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KC‑7.3.II.C (KC)
Unit 7: Learning Objective F
WOR (Theme)

Video transcript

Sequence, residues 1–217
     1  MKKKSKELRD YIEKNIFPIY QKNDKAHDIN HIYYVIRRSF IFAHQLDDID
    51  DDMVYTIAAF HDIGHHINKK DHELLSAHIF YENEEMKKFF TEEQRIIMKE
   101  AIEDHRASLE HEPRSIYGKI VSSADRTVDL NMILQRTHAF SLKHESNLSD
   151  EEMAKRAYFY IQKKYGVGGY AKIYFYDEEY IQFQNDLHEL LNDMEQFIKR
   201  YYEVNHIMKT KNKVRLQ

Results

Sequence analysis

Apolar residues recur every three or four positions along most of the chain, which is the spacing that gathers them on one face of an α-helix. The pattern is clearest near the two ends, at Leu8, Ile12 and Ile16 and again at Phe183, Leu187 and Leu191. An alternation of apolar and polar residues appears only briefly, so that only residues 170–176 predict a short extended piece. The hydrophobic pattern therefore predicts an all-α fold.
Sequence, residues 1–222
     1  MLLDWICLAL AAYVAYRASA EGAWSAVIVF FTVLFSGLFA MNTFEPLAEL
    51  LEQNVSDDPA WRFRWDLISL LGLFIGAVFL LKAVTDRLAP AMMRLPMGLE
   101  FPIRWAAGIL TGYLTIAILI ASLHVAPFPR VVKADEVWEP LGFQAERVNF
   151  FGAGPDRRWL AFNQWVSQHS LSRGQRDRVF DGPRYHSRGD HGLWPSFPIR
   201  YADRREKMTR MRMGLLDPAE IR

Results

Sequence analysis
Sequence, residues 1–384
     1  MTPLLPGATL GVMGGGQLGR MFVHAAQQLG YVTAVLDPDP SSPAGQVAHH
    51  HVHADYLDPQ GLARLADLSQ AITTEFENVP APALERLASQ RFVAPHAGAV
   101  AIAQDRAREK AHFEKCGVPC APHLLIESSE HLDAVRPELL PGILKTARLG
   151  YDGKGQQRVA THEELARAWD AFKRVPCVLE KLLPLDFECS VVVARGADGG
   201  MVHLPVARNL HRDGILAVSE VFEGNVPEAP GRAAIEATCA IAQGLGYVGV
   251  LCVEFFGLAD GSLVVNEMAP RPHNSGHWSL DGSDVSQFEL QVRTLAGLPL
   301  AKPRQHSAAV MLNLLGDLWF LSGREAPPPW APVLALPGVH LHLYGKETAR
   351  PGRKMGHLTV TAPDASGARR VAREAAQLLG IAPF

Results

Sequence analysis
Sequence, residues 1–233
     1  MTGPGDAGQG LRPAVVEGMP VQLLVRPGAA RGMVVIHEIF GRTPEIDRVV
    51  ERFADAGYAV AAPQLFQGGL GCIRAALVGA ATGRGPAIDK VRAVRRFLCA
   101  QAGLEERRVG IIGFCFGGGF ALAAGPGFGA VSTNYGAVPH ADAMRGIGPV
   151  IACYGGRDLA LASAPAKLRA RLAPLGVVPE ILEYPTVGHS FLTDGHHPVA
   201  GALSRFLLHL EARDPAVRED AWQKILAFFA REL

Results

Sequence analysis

As we go into January of 1918, let's remind ourselves of the context, the background that's going on, especially relative to World War I. First of all in April of 1917, a lot of the context is what happened in 1917, you have the U.S. declares war on Germany. The main argument they give is this unrestricted submarine warfare that the Germans are undertaking. You also have the fall of the Russian Empire. ... Fall of Russian Empire... You have the revolution that overthrows the Czar in February, March of 1917, and then in October, you have the Bolsheviks take over in a coup. This essentially, the Bolsheviks, once they take over, they have no interest in terms of continuing the war with Germany. So you have an armistice declared and the Russians are in the process of negotiating the terms of a treaty with the Central Powers. They're kind of negotiating the Brest-Litovsk Treaty as we speak. On top of that, you have, because the central powers don't have to focus on Russia on the eastern front anymore, they're trying to bring their, especially Germany, is trying to bring its troops back to the western front, and they want to do it before the U.S. can mobilize in any significant way. So, race on western front ... western front ... Between, essentially, can Germany get its troops and do an offensive that can put probably France out of the war before the U.S. has a chance to significantly reinforce the western front? This is essentially between German, redeploy troops from the eastern front, German troops ... troops from eastern, from eastern front versus new American troops ... versus new Americans. This is the backdrop. No one really knew what exactly was going to happen on the western front. Certain military analysts will say Germany was able to prosecute this two front war against a major empire and Russia, now they're going to be able to focus completely on the western front, Germany might be able to deal the decisive blow. Others would say the U.S. it's this emerging power, it's bringing fresh troops in, it has a major industrial capacity. The U.S. could, especially if the war were to last a good bit, the U.S. might be the decisive element for the allies. So that's the background in which President Wilson, President Woodrow Wilson on January of 1918, January 8th, gives a speech to the joint sessions of congress. This is part of the text of the speech, I'm just going to read through it, I'm not going to read the entire speech. He talks about many things, essentially; why are we in World War I, what is the moral causes of World War I, and his speech is most famous for his articulation of the "Fourteen Points". Let's just read into it because it really informs a lot of what happened in the Treaty of Versailles, which is essentially the peace treaty with Germany, which the U.S. ironically did not ratify, but it also lays out the tension in the Paris Peace Conferences after World War I between those who were more idealistic like Woodrow Wilson, and those who might have been a little bit more vengeful, especially against the Central Powers. Here we go, this is part of the speech: "We enter this war because violations of right had occurred which touched us to the quick and made the life of our own people impossible unless they were corrected and the world secured once for all against their recurrence. What we demand in this war, therefore, is nothing peculiar to ourselves. it is that the world be made fit and safe to live in ..." This is very idealistic. Remember, all these others, especially these European powers are all about who gets what land, who gets what empire, who gets to take advantage of whatever colony. "... and particularly that it be made safe for every peace-loving nation which, like our own, wishes to live its own life, determine is own institutions, be assured of justice and fair dealing by the other peoples of the world as against force and selfish aggression. All the peoples of the world are in effect partners in this interest, and for our own part, we see very clearly that unless justice be done to others it will not be done to us. The program of the world's peace, therefore, is our program; and that program, the only possible program, all we see it, is this:" These are his Fourteen Points and I'll try to kind of give some context for each of them. The first is: "Open covenants of peace, openly arrived at, after which there shall be no private international understandings of any kind but diplomacy shall proceed always frankly and in the public view." The context here is actually after the Bolsheviks took over, they started releasing all these secret covenants and understandings that the Russian Empire had been getting into. We've already talked about all the entanglements and the alliances that led to World War I, so this is Wilson's attempt to say, "Hey, let's just do everything out in the open. That'll let everyone kind of know, give more transparency, what may or may not occur, based on their actions." Number 2, "Absolute freedom of navigation upon the seas, outside territorial waters, alike in peace and in war, except as the seas may be closed in whole or in part by international action for the enforcement of international covenants." So no more of these British blockades, no more of this unrestricted submarine warfare, the only time we can dictate what happens in open waters is if the international community trying to decide that it wants to enforce international covenants. Number 3, "The removal of all economic barriers and the establishment of equality of trade conditions among all the nations consenting to the peace and associating themselves for its maintenance." So essentially, it's free trade. ... free trade ... Number 4, "Adequate guarantees given and taken that national armaments will be reduced to the lowest point consistent with domestic safety." So he's trying to undo some of this militarism, this buildup of arms that essentially allowed World War I to happen with the ferocity that it did and with the quickness with which it did. Number 5, "A free,open-minded, and absolutely impartial adjustment of all colonial claims, based upon a strict observance ot the principle that in determining all such questions of sovereignty the interests of the populations concerned must have equal weight with the equitable claims of the government whose title is to be determined." This is a big deal that probably did not make the British or the French happy. This is essentially saying self-determination, the people who are in those nations, in those states, their interests matter just as much. "A free open-minded absolutely impartial adjustment of all colonial claims." This is a pretty big deal. Remember, we're kind of exiting this period of empires, most of the European powers still think that these international empires are essentially part of their prestige. Number 6, "The evacuation of all Russian territory and such a settlement of all questions affecting Russia as will secure the best and freest cooperation of the other nations of the world in obtaining for her an unhampered and unembarrassed opportunity for the independent determination of her own political development and national policy and assure her of a sincere welcome into the society of free nations under institutions of her own choosing ..." This is still one sentence and then you put period there, semi-colon ... And I guess he had to read that himself, " ... And, more than a welcome, assistance also of every kind that she may need and may herself desire. The treatment accorded Russia by her sister nations in the months to come ..." Remember, they're negotiating with the Central Powers on Brest-Litovsk, " ... to come will be the acid test of their good will, of their comprehension of her needs as distinguished from their own interests, and of their intelligent and unselfish sympathy." So it's saying look, Wilson doesn't know whether the allies or the Central Powers are going to win on the western front, but they know that the Central Powers are dictating terms to Russia with Brest-Litovsk. It's like, this is going to be a test of your good will, of your comprehension of the need of this newly-emerging of state now that the Bolsheviks have taken over. Obviously at this point, you don't have the antagonism between the U.S. and the future Soviet Union that is going to emerge. They're saying give Russia a chance to be herself. Number 7, "Belgium, the whole world will agree, must be evacuated and restored, without any attempt to limit the sovereignty which she enjoys in common with all other free nations." This is kind of obvious. When the Germans rolled through Belgium, that's how they got to France. It was a justification that Great Britain used for entering the war, so get out of Belgium. Number 8, "All French territories should be freed and invaded portions restored, and the wrong done to France by Prussia in 1871 in the matter of Alsace-Lorraine, which has unsettled the peace of the world for nearly fifty years, should be righted, in order that peace may once more be made secure in the interest of all." Alsace-Lorraine, we've touched on it several times. That's this region right over here. It was taken by Germany, essentially the unification of Germany during the Franco-Prussian War, which was a [unintelligible] region. This was one of the justifications, this was why France might have gone into a war with Germany, and what Germany almost wanted to be preemptive against France because they said France might want to take some of that territory back. 9, "A readjustment of the frontiers of Italy should be effected along clearly recognizable lines of nationality." Hey, where do people speak Italian? 10, "The peoples of Austria-Hungary, whose place among the nations we wish to see safeguarded and assured, should be accorded the freest opportunity of autonomous development." This is another big deal. It's another breaking up of an empire. It's another self-determination point of the "Fourteen Points". Austria-Hungary, we've already said it was an empire. It included many, many, many nationalities. You have the Czechs right around there. You have the Slovacs right around there. You have the Austrians, German-speaking people, right over there. You have the Hungarians, roughly over there. You have the Slovenians roughly over there. You have the Croatians roughly over there. You have the Bosnians roughly over there. You have many, many other nationalities especially as you get close to the border with Romania and the border with the Ukraine. It's like, let these people determine, let them determine their own fate to some degree. There are all these nationalities. That was number 10. "The freest opportunity to autonomous development." He's not saying that they necessarily need their own states, but that they should have the opportunity to self-govern in some way. Number 11, "Romania, Serbia, and Montenegro should be evacuated; occupied territories restored; Serbia accorded free and secure access to the sea; and the relations of the several Balkan states to one another determined by friendly counsel along historically established lines of allegiance and nationality; and international guarantees of the political and economic independence and territorial integrity of the several Balkan states should be entered into." This is kind of laying the groundwork for the future state of Yugoslavia, which is going to be roughly over there. It's kind of the state of the southern Slavs, which is what the whole motivation [unintelligible] for assassinating Archduke Ferdinand which some would argue was kind of the spark that lit World War I. "The Turkish portions of the present Ottoman Empire should be assured a secure sovereignty, but the other nationalities which are now under Turkish rule should be assured an undoubted security of life and an absolutely unmolested opportunity of an autonomous development ..." Once again, self-determination. "... and the Dardanelles should be permanently opened as a free passage to the ships and commerce of all nations under international guarantees." So the Dardanelles, we've talked about it before, that is, that's this right over here, so that you have access between the Aegean Sea and the Black Sea. And we are almost there. So then you have, "An independent Polish state should be erected which should include the territories inhabited by indisputably Polish populations, which should be assured a free and secure access to the sea, and whose political and economic independence and territorial integrity should be guaranteed by international covenant." Poland did not exist as its own state prior to World War I. Now you have Woodrow Wilson is advocating it. It will be carved out roughly of this area right over there. Then finally, point 14, "A general association of nations must be formed under specific covenants for the purpose of affording mutual guarantees of political independence and territorial integrity to great and small states alike." This is essentially, this is the point, that leads to the formation of the League of Nations. When we talk about big ideas, this is a big idea, especially back then. You have Europe who keeps getting into wars with each other. Hey, why don't we all cooperate at this middle level and we have this club of all of the nations to resolve disputes and make sure that we don't have another World War I. So, very, very, very big idealistic idea, it gets formed as an outcome of the Treaty of Versailles, which is drafted during the Paris Peace Conferences after World War I. The unfortunate thing of the League of Nations is that even though this was kind of, the idea was coming from Woodrow Wilson, the Treaty of Versailles and the League of Nations was not ratified by the U.S. The U.S. never entered the League of Nations, which kind of made it a little bit hollow, and the League of Nations did not have the power to stop World War II from happening only a few decades later, and would later be replaced by the United Nations. This is a really, really, really, really big idea. Because of these big ideas, Woodrow Wilson, these very idealistic ideas, everyone in Europe is talking about territory and imperialism and how do they take control of other people, take control of their resources, and now you have the American President saying it's all about self-determination. It's about making the world safe for democracy, safe for commerce, about open agreements. It's a very powerful idea. This would kind of form the basis, the more idealistic side of American Foreign Policy over the 20th Century. Some would say that there's another very cynical side that takes into account self-interest, but this is the idealistic side of American Foreign Policy, especially through the 20th Century. For this, for his work in this in this area, Woodrow Wilson wins the Nobel Prize a few years later. This right here is a picture of the Nobel Prize looks like, both sides of it. Now, just to kind of foreshadow some of the tension as we get into the Paris Peace Conference, not everyone was as idealistic. You obviously these European powers who bled much harder than the Americans did, although the Americans did contribute significant cost, or troops, to the effort and they lost many, many folks. Obviously if you're French, you had these Germans on your territory. You lost a significant fraction of your population, a huge fraction of your male population. You might be a little bit angrier. So of course, you have Georges Clemenceau who was the Prime Minister of France. He was a little bit more skeptical of the "Fourteen Points". This is a quote from him, he actually has many slightly entertaining quotes, "Mr. Wilson bores me with his "Fourteen Points" while God Almighty has only ten." This will kind of foreshadow some of the tension between Clemenceau and the British, and European allies on one side, and the Americans as we go to the Paris Peace Conference. They were a little bit looking out more for revenge, especially against the Germans while the Americans, especially Woodrow Wilson, was a lot more idealistic.